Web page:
President Obama‘s Tuesday night speech, despite its strong defense of military action against Syria, was an acknowledgment that the president had simply not convinced the American public, Congress or the international community of that argument and would instead pursue a diplomatic resolution to Syria’s use of chemical weapons, even as American officials are wary any formal agreement can be reached.
“I know that after the terrible toll of Iraq and Afghanistan, the idea of any military action, no matter how limited, is not going to be popular. After all, I’ve spent four and a half years working to end wars, not to start them. Our troops are out of Iraq. Our troops are coming home from Afghanistan. And I know Americans want all of us in Washington– especially me — to concentrate on the task of building our nation here at home: putting people back to work, educating our kids, growing our middle class,” he said.
He added, “It’s no wonder, then, that you’re asking hard questions.”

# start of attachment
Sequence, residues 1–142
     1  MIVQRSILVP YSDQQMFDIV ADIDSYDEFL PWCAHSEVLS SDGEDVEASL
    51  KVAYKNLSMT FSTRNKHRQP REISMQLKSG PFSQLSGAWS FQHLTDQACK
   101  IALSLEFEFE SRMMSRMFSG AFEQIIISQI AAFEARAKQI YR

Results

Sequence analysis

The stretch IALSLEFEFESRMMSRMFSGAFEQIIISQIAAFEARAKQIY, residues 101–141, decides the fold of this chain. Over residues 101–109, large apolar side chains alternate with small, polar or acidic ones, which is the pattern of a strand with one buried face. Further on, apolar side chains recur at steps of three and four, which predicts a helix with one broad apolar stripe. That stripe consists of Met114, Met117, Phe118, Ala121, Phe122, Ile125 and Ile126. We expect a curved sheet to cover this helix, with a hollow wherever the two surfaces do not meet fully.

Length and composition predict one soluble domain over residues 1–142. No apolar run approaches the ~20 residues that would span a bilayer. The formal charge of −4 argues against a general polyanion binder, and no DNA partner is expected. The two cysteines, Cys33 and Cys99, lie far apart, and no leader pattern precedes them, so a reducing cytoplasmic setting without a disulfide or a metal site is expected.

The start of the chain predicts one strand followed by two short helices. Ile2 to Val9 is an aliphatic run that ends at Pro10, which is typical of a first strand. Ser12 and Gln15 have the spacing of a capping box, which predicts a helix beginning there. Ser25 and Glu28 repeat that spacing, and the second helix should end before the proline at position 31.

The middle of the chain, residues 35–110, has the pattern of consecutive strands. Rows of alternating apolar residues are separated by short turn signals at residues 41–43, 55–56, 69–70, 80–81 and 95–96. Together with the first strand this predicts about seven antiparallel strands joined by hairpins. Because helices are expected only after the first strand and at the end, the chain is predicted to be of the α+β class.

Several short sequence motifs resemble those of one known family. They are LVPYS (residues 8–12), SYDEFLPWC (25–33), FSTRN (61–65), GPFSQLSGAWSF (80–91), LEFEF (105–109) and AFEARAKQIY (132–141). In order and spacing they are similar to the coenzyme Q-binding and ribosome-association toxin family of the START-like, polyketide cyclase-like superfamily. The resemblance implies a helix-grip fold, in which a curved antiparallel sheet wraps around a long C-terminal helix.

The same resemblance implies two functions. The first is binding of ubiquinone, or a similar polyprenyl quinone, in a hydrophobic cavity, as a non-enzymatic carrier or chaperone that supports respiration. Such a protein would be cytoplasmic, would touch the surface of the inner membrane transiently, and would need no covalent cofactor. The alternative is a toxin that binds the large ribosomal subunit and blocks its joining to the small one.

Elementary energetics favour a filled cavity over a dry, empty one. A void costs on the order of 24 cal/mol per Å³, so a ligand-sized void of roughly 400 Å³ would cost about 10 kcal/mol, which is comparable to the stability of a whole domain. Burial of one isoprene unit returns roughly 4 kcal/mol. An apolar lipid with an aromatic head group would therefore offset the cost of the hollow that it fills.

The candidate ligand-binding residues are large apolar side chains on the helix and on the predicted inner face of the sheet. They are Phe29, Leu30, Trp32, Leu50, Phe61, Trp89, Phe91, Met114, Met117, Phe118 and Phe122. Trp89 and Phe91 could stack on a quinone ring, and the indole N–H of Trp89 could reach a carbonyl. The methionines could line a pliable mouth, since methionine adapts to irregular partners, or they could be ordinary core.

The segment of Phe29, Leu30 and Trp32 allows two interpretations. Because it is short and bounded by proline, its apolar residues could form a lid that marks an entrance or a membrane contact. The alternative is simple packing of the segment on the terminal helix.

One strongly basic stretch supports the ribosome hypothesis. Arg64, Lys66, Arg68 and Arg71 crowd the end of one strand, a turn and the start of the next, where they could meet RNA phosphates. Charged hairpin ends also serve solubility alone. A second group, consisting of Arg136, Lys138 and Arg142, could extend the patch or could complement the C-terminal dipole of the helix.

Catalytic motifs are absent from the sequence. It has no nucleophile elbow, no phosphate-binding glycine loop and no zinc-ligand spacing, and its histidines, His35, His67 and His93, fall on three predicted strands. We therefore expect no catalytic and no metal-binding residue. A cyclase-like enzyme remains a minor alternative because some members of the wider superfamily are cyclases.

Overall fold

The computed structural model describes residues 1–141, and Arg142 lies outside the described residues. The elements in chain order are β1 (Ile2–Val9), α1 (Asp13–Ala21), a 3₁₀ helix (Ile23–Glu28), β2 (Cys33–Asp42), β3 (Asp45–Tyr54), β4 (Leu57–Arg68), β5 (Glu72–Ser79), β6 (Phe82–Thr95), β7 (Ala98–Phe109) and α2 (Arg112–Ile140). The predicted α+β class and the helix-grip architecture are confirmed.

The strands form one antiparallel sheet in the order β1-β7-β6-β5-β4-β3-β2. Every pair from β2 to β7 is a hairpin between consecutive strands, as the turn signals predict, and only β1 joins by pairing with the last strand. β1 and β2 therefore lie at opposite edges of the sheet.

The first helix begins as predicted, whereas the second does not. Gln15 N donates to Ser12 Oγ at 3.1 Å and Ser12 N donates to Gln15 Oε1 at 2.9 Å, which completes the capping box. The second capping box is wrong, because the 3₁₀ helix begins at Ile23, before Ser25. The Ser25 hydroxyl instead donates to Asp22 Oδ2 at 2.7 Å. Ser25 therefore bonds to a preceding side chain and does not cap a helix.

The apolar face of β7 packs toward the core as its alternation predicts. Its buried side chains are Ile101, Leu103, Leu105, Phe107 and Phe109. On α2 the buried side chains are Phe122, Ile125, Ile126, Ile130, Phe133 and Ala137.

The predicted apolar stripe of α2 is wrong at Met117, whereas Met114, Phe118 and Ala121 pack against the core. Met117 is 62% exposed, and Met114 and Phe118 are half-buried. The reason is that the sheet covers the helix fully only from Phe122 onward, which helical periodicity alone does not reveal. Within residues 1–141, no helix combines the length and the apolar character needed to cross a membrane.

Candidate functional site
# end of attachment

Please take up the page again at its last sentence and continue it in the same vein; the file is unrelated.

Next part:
Obama directly raised some of the questions Americans had asked him and then addressed them in his 16-minute East Room speech. But that defense of military action was in some ways irrelevant. The president had already announced earlier in the day he would ask Congress to delay a vote on military strikes in Syria while he would send Secretary of State John Kerry to meet with and hopefully reach an agreement with the Russians on a program to limit and eventually destroy Syria’s chemical weapons.
Obama cast the Syrians’ acknowledgement that they have nuclear weapons and the Russians’ comments that they would agree to help eliminate the Syrian arsenal as a validation of his policy. And it is.
At the same time, Obama comments also illustrated how the shadow of the Iraq War has limited his actions as president. He twice said that America is “not the world’s policeman.” He promised any U.S. military action in Syria would not be nearly as expansive as in Libya, an intervention in which no U.S ground troops ever deployed and no American casualties were sustained. He pledged that the U.S. would not try to “remove another dictator with force.”
“America is not the world’s policeman. Terrible things happen across the globe, and it is beyond our means to right every wrong,” he said.
In the speech, Obama pointedly said the U.S. would still consider military strikes if Syria refused to cooperate with an international process to give up its chemical weapons.
But such a strike now seems highly unlikely. Obama has said for days that the American public, through Congress, needed to have its position heard on Syria. Americans have resoundingly rejected the president’s first policy on Syria. He has now wisely adopted a new one.